The Brain Makers by HP Newquist

I work for a science journal on the campus of Zhejiang Lab, a research institute dedicated to developing a variety of kinds of “intelligent computing” (artificial intelligence). I have a bachelor’s in computer science, but I have little knowledge of the development of artificial intelligence (something something… subsumption architecture… Eliza…). This book promised to remedy that.

What did I not like about The Brain Makers?

Newquist is a journalist writing for a general audience. That means his approach to nonfiction comes across as a little gimmicky to me. I’m used to reading academic nonfiction.

Journalists are storytellers, and storytellers are motivated to exaggerate, embellish, and cherrypick for the sake of the story. This is a lesson I learned from reading various different critiques of the work of Malcolm Gladwell. But I’d like to think that even if I hadn’t read  those critiques, I would notice the difference in tone between an academic history and a journalistic history.

Being a journalist means having an angle, preferably one that pushes emotional buttons. Newquist’s angle is right there in the subtitle of the subtitle: The History of Artificial Intelligence: Genius, Ego, And Greed In The Quest For Machines That Think. Yes, some of the scientists, entrepreneurs, and businessmen had real genius, he admits. But the other two thirds of his evaluation is that they were too greedy and proud, thus were doomed to fail. In some sense, of course, at least some of them succeeded, but in another sense, collectively, they didn’t: we still don’t have machines as powerful as the ones they thought were within reach.

Do I think his evaluation of people and events is wrong? Not necessarily. But I did feel like the negative subtitle set the tone for the book itself, and I think I would have enjoyed reading the book more if it had sounded less snide. Ambition is the reason we make any progress at all, and should be celebrated, in spite of the flaws and failures of the ambitious. Don’t let’s mock Icarus.

What did I like about The Brain Makers?

It stitched together a lot of stuff I vaguely knew, and added a lot more besides.  Although I think there’s some spin on the facts, the book has a tight focus on relating historical events.

The book wisely sidesteps issues of philosophical speculation. The focus here is not on whether machines can think or can be made to think, or what thinking is.

[M]uch of what has already been written about artificial intelligence is rife with philosophy, some of it interesting, much of it mundane and repetitive, and all of it a little too clever for its own good.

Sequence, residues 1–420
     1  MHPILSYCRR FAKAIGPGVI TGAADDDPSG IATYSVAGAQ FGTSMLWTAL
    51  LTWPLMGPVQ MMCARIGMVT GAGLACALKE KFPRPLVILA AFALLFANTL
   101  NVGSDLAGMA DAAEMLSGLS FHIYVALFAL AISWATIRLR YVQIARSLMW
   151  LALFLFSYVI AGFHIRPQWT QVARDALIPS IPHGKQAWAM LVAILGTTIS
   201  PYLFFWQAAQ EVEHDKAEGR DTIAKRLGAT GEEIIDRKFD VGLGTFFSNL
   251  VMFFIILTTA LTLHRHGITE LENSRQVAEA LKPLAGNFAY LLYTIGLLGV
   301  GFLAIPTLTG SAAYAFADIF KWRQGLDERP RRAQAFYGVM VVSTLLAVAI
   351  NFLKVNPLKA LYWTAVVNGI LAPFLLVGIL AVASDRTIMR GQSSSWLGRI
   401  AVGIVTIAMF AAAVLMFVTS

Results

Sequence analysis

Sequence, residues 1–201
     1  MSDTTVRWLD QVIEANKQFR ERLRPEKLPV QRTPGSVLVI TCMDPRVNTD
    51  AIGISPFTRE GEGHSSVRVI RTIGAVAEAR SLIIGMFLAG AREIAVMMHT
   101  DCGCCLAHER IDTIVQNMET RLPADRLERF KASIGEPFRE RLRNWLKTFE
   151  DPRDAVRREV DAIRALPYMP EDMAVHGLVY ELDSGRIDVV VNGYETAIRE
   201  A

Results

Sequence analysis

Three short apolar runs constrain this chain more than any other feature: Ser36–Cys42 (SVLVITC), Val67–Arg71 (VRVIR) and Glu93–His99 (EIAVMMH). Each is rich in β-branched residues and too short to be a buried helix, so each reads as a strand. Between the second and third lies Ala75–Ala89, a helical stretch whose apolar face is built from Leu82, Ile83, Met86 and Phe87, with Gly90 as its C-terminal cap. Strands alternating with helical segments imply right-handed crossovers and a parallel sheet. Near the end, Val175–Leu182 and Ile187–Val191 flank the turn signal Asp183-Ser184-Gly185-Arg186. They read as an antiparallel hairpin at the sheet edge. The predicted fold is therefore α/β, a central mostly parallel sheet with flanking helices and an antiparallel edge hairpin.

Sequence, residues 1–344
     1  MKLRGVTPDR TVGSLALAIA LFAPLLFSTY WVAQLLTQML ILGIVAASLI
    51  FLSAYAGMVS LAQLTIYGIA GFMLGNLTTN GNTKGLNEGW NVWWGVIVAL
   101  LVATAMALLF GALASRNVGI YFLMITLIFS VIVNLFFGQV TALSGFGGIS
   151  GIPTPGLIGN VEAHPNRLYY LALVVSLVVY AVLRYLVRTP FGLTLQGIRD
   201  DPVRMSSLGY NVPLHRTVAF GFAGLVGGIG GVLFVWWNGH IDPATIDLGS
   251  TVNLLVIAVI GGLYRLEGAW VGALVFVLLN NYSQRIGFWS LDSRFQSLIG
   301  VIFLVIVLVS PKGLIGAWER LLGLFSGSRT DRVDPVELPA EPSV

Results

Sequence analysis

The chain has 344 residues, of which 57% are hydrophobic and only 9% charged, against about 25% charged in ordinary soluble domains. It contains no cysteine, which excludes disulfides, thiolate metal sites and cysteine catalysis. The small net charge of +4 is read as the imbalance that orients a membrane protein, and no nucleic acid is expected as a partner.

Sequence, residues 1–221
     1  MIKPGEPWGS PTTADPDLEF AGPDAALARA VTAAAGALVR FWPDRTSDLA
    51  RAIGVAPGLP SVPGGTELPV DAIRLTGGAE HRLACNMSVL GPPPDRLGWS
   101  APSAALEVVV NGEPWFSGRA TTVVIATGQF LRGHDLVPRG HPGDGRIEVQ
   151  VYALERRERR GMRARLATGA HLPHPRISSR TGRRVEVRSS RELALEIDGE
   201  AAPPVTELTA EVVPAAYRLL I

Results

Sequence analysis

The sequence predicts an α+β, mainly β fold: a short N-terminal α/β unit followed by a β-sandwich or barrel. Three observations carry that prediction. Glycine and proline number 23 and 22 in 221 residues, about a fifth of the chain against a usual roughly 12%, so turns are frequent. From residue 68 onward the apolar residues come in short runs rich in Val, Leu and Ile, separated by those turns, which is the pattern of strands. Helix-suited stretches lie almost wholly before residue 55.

Similarly, the book for the most part does not concern itself with pop-culture depictions of artificial intelligence. (However, it does tell about the ancient yearning for human-like machines and says a golem story was the source of the Sorcerer’s Apprentice segment of the 1940 Disney movie Fantasia.) It mostly just describes AI depictions in the media from a financial standpoint: which CEO was getting profiled in the business magazines, and which companies got venture capital funding or went public or got bought… or went bankrupt.

And like I said, the book isn’t an academic history, so with a few exceptions, it doesn’t list or describe papers or theories that scholars were publishing. It just highlights specific personalities, trends, and concepts from the universities that had some important effect on the world outside the ivory tower.

What did I learn from The Brain Makers?

There have been “waves” of AI, surges and ebbs in excitement in the field. There are different geographic centers corresponding to different people, styles, and advancements. And for every step forward, there are dozens of dead ends. But there are also ideas that get abandoned, only to be taken up again later. The book tells where artificial intelligence has been. Nobody knows where it’s going.

All predictions are hit and miss, including the ones in Chapter 1 of The Brain Makers:

The following chapters… examine the next generation of intelligent systems [which] will be able to translate the spoken word into foreign languages, guide automobiles safely from one place to another, identify faces in a crowd, and adapt to their surroundings by learning from experience…. Smart appliances, such as VCRs that continually scan cable channels and record programs based on knowledge of users’ interests and preferences… are already in the testing stage.

I do not use a smart VCR. However, I do use machine translation—on my smartphone. The same device I used to read the book.

The book showed me, directly and indirectly, how much the world has changed, not just in terms of AI. Newquist followed the early development of AI by keeping notes and newspaper clippings in drawers in a filing cabinet. Today, “files” and “folders” are metaphors—icons on a screen—at least as often as they are physical objects.

The first part of The Brain Makers was published in 1994, and the second was published in 2018. A lot has happened in AI since then, but there is no Part 3… yet.

When and Why I Read The Brain Makers: The History of Artificial Intelligence

The author posted a link to the Kindle book (which was free) on Facebook in the AI group.

Genre: history of science
Date started / date finished: 31-May-23 to 28-Jul-23
Length: 696 pages
Originally published in: 2020
Amazon link: The Brain Makers: The History of Artificial Intelligence